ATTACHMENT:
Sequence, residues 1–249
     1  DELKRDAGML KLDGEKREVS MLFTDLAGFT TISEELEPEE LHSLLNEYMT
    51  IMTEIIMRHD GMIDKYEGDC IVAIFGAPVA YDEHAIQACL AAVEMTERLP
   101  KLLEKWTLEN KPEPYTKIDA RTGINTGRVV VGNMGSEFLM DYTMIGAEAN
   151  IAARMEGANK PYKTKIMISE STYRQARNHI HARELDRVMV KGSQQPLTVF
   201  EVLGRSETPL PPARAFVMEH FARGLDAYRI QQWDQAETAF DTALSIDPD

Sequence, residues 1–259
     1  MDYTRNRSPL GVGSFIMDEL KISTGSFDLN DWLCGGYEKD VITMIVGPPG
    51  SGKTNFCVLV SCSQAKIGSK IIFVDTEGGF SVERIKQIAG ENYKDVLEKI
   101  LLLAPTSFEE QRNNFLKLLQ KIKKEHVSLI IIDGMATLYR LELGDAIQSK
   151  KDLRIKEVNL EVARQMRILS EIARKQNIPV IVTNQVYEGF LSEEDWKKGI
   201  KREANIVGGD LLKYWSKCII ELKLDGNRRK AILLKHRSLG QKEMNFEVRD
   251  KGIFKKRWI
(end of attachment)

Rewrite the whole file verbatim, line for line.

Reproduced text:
Sequence, residues 1–249
     1  DELKRDAGML KLDGEKREVS MLFTDLAGFT TISEELEPEE LHSLLNEYMT
    51  IMTEIIMRHD GMIDKYEGDC IVAIFGAPVA YDEHAIQACL AAVEMTERLP
   101  KLLEKWTLEN KPEPYTKIDA RTGINTGRVV VGNMGSEFLM DYTMIGAEAN
   151  IAARMEGANK PYKTKIMISE STYRQARNHI HARELDRVMV KGSQQPLTVF
   201  EVLGRSETPL PPARAFVMEH FARGLDAYRI QQWDQAETAF DTALSIDPD

Sequence, residues 1–259
     1  MDYTRNRSPL GVGSFIMDEL KISTGSFDLN DWLCGGYEKD VITMIVGPPG
    51  SGKTNFCVLV SCSQAKIGSK IIFVDTEGGF SVERIKQIAG ENYKDVLEKI
   101  LLLAPTSFEE QRNNFLKLLQ KIKKEHVSLI IIDGMATLYR LELGDAIQSK
   151  KDLRIKEVNL EVARQMRILS EIARKQNIPV IVTNQVYEGF LSEEDWKKGI
   201  KREANIVGGD LLKYWSKCII ELKLDGNRRK AILLKHRSLG QKEMNFEVRD
   251  KGIFKKRWI